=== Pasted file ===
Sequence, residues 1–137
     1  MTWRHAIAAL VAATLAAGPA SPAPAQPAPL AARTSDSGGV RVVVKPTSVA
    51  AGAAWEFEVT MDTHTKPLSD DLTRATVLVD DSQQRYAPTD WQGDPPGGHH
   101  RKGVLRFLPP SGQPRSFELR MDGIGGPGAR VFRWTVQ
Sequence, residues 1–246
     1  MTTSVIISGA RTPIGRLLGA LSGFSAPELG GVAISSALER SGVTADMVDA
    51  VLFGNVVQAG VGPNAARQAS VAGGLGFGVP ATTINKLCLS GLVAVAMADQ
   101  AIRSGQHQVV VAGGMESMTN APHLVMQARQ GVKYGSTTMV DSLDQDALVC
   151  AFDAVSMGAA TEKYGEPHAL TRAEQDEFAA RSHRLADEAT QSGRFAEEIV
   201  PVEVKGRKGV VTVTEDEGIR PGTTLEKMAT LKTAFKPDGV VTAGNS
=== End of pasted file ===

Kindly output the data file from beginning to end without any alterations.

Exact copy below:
Sequence, residues 1–137
     1  MTWRHAIAAL VAATLAAGPA SPAPAQPAPL AARTSDSGGV RVVVKPTSVA
    51  AGAAWEFEVT MDTHTKPLSD DLTRATVLVD DSQQRYAPTD WQGDPPGGHH
   101  RKGVLRFLPP SGQPRSFELR MDGIGGPGAR VFRWTVQ
Sequence, residues 1–246
     1  MTTSVIISGA RTPIGRLLGA LSGFSAPELG GVAISSALER SGVTADMVDA
    51  VLFGNVVQAG VGPNAARQAS VAGGLGFGVP ATTINKLCLS GLVAVAMADQ
   101  AIRSGQHQVV VAGGMESMTN APHLVMQARQ GVKYGSTTMV DSLDQDALVC
   151  AFDAVSMGAA TEKYGEPHAL TRAEQDEFAA RSHRLADEAT QSGRFAEEIV
   201  PVEVKGRKGV VTVTEDEGIR PGTTLEKMAT LKTAFKPDGV VTAGNS